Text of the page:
Resolution member, David Emmerson, has told MPs that legal aid cuts are leading to a failure of justice for many people – particularly those forced to represent themselves in the family courts.
He spoke during a meeting of the Justice Select Committee who were convened to discuss the impact of the changes to the legal aid system in the UK.
During the committee meeting Mr Emmerson said the Legal Aid, Sentencing and Punishment of Offenders Act (LAPSO) was causing an enormous strain on the family courts and was leading to poorer outcomes for those going through the justice system.
During his speech he spoke about the areas worst hit by the reforms, including exceptional case funding, the evidence gateway for legal aid funding for domestic violence and initial legal advice.
He said the ‘safety net’ of exceptional case funding was not working and that unnecessary complexity was deterring many litigants from applying in the first place.
His feelings are backed up by new data from the Ministry of Justice that showed between 1 April and 1 June 2014, there were 125 applications for exceptional case funding, but only four cases in which it was granted.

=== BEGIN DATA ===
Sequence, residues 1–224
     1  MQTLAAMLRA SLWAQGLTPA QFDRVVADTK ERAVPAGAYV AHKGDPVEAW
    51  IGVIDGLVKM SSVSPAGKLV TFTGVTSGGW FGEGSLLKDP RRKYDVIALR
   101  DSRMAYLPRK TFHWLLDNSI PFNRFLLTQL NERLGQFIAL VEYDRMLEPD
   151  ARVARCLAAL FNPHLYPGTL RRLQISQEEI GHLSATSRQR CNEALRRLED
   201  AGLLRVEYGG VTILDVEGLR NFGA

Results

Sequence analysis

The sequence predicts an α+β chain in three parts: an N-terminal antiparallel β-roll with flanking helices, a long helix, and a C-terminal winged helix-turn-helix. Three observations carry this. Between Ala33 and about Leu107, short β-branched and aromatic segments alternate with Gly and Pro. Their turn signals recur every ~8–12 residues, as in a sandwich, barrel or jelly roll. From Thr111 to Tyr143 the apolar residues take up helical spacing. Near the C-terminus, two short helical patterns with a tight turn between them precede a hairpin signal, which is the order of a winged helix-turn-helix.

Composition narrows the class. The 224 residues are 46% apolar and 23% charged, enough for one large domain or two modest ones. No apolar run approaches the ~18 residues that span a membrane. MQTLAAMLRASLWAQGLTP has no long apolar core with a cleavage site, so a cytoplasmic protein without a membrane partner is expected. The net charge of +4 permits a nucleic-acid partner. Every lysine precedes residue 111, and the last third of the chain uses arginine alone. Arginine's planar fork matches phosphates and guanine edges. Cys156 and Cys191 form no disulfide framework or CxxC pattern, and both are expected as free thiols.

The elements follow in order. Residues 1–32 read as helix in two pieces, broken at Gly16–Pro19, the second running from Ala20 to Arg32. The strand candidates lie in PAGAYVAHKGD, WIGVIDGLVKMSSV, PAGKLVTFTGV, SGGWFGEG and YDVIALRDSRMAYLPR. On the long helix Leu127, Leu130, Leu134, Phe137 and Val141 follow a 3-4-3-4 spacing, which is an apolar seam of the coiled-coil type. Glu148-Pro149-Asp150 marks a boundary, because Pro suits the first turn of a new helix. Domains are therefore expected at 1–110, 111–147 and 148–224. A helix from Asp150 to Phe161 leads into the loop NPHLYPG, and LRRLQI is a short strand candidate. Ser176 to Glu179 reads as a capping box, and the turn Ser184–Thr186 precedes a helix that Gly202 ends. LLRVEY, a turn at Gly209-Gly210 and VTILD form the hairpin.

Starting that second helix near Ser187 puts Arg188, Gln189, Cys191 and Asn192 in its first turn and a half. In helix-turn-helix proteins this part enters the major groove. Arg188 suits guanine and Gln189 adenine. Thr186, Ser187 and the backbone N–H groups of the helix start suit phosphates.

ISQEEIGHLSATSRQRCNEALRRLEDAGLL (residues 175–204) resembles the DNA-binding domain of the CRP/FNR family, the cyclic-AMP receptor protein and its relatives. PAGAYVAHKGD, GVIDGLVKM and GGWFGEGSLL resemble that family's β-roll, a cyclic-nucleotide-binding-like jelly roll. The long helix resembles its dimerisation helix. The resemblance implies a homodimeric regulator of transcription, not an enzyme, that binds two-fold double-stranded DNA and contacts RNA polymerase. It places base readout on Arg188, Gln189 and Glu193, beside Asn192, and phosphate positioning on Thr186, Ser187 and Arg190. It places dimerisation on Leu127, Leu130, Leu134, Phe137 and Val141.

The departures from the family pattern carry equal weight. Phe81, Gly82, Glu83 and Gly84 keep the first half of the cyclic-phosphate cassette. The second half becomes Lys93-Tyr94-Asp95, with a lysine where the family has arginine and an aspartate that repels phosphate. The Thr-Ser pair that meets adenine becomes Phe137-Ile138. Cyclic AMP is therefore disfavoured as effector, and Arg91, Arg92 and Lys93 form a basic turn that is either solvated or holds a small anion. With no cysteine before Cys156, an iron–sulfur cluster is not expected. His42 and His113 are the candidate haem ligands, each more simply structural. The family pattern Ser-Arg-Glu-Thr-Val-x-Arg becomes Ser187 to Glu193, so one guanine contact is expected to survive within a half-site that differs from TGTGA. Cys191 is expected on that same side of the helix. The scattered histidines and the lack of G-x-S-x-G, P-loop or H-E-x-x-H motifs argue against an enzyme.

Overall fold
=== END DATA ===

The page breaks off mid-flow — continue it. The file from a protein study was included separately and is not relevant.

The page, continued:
He also spoke about the difficulties people were facing when trying to access the domestic abuse ‘gateway’ – which grants legal aid to those who can prove they suffered domestic abuse in their relationship – because they were unable to fulfil the eligibility requirements.
He concluded his evidence by saying that legal advice at an early stage in proceedings helped provide “a detailed analysis of a client’s situation and advice on out of court solutions.”
Following the LAPSO cuts this is no longer available, and has been noted as a potential reason for the recent drop in mediation.